The Top 10 Terms New Gardeners Should Learn

By John Ehrling Posted on 9/26/2018

It can be intimidating to wade into the gardening waters for the first time. There are many different practices, norms, and terms that should be thoroughly understood before giving it all a go. Although, once you get the hang of it, there is nothing more rewarding than bringing your own flowers, fruits, vegetables, and trees to life.

Here are the top 10 gardening terms you should take some time reviewing:

  • Annual: When annual is attached to any plant title, it refers to the lifespan of the plant. An Annual can be a plant that grows, flowers, and produces seed, all in one season, and does not survive the winter. It lasts for one annual season, requiring you to plant it each year.
  • Compost: Compost is the byproduct of plant decomposition and other organic living materials into a soil-like substance that is rich in nutrients and high in organic matter. Compost doubles as fantastic fertilizer, and is capable of improving the performance in almost any soil. It can be made right at home.
  • EC: EC is a unit of measurement that reports the saliency of your soil. If you read high EC, it means you have a problem from salt water or snow removal. High EC increases the potential for burned plants, and low EC means you need to add fertilizer to the soil mix. Fertilizer is rich in salts that are good for your plants, as opposed to salts from oceans and snow that are bad for plants.
  • Fertilizer: Fertilizer can be made from your own organic materials, or purchased at a store, as a substance that adds nutrients directly to your plants upon application. There are a variety of fertilizers, including controlled release, heavy feeders, light feeders, NPK, trace elements, water soluble fertilizer, and the list goes on.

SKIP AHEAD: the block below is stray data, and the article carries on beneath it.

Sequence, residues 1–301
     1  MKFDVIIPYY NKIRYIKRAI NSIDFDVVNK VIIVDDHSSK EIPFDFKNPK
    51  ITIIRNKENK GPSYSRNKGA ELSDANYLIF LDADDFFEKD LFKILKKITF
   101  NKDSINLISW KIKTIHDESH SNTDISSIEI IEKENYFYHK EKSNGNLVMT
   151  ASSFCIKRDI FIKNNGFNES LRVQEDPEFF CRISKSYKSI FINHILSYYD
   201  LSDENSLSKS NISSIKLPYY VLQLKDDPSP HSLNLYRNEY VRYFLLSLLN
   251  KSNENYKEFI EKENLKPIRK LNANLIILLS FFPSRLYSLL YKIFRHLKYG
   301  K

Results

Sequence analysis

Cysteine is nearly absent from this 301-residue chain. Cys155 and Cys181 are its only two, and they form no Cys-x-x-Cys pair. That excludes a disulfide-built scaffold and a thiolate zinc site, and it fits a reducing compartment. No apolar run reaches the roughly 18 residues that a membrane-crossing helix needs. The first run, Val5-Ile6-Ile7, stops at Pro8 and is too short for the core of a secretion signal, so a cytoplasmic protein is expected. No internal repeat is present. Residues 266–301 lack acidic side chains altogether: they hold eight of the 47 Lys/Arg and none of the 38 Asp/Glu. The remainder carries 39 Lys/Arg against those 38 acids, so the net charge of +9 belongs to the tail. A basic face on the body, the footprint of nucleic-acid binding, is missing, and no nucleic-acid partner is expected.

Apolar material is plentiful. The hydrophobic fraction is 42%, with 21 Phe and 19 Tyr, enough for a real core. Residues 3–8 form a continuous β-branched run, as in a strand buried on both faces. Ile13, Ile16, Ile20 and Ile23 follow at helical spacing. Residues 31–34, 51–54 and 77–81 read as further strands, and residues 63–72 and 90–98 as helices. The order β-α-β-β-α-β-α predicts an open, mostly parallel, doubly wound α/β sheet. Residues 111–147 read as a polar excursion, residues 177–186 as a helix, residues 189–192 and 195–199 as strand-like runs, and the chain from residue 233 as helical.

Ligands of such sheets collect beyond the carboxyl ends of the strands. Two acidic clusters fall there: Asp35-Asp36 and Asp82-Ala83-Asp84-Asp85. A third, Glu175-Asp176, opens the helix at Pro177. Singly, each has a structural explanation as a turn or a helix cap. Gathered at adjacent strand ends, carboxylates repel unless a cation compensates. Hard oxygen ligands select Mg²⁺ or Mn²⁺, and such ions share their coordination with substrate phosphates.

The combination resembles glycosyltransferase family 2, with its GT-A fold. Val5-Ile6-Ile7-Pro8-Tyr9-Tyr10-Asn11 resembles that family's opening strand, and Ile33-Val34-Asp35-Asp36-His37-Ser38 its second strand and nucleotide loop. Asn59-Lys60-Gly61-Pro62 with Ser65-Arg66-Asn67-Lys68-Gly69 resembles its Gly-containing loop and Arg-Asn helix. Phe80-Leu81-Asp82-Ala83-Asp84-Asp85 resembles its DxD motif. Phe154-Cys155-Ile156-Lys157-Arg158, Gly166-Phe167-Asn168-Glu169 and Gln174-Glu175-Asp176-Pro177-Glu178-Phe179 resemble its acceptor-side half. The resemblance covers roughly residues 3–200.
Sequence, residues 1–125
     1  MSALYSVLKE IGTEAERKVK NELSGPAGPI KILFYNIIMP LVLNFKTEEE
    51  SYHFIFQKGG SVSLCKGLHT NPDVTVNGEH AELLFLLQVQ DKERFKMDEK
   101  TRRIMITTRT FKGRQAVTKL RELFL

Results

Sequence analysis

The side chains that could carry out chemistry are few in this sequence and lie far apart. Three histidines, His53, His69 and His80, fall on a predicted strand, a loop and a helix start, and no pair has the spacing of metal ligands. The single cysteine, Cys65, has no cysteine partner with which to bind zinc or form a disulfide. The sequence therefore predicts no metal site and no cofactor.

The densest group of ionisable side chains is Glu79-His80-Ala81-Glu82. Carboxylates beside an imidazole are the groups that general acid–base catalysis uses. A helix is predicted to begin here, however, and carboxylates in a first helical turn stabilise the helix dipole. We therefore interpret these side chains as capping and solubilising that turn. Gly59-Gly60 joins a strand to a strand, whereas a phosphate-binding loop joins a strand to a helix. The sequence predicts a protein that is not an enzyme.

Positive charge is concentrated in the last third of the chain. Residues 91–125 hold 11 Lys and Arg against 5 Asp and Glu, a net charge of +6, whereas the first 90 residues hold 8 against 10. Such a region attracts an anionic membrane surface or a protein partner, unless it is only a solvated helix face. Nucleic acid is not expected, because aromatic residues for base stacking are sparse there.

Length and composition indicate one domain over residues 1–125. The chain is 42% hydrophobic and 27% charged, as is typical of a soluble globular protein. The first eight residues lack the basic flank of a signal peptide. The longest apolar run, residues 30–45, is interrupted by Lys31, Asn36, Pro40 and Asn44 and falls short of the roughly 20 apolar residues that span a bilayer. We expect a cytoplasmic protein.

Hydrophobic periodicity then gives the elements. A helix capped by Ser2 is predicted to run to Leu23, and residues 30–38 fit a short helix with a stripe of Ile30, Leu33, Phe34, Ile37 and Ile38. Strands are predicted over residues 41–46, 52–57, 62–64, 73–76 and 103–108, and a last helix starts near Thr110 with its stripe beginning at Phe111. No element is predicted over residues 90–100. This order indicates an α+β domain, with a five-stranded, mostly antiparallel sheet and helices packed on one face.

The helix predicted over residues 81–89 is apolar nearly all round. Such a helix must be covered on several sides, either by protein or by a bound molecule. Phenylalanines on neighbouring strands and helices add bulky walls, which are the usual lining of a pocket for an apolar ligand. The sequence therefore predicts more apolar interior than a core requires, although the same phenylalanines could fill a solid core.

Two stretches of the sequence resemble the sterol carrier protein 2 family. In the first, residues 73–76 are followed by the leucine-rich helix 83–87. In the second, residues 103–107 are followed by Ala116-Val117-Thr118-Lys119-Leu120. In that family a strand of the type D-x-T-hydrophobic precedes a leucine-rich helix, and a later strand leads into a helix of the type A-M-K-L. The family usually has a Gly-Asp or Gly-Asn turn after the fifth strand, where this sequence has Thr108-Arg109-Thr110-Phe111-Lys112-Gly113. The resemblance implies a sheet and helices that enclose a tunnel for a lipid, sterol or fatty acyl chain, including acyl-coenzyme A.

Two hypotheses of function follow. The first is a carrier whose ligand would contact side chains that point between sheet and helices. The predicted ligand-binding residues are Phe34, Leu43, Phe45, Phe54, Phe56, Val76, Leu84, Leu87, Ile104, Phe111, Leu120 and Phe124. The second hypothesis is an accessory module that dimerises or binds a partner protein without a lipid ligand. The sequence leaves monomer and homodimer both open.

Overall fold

• Habit: Habit is another term for the structure of the plant, and can be broken down into climbing plants (plants that climb structures); clump forming (plants that form clumps of foliage); mounded (plants with a rounded appearance); spreading (plants that grow low and spread along the ground); trailing (plants that trail along the ground or out of pots, but do not root at the nodes); and upright (a plant that is taller than it is wide with straight edges.
  • Micro-Climate: A micro-climate is a spot within the garden that differs from the rest of the garden environment. It could be a wet spot where water collects after rain, or a spot that remains warmer in the winter.
  • Mulch: Mulch is often made of bark or compost, and can be organic or inorganic. Mulch helps retain soil moistures, reduces weed production, protects against erosion, cools plants, and adds organic matter to the mixture.
  • Perennial: Perennial plants are reoccurring plants that return each spring. Some are hardier than others and last for years, whereas some only bloom for a few seasons before dying out.
  • Saturation: Saturation is when a plant is properly watered, ensuring it has come in contact with enough water to flourish. Saturation refers to when the entire root zone of the plant is moist after watering. Beware of over saturation so you don’t drown your plants.
  • Watering: Every plant will have a different watering preference. Depending on where you live and the plant you are watering, you can consider dry, dry to normal, normal, normal to wet, and wet classifications based on how much water your plant requires.

Now you’re ready to take on your garden like a gardening enthusiast or an informed pro!

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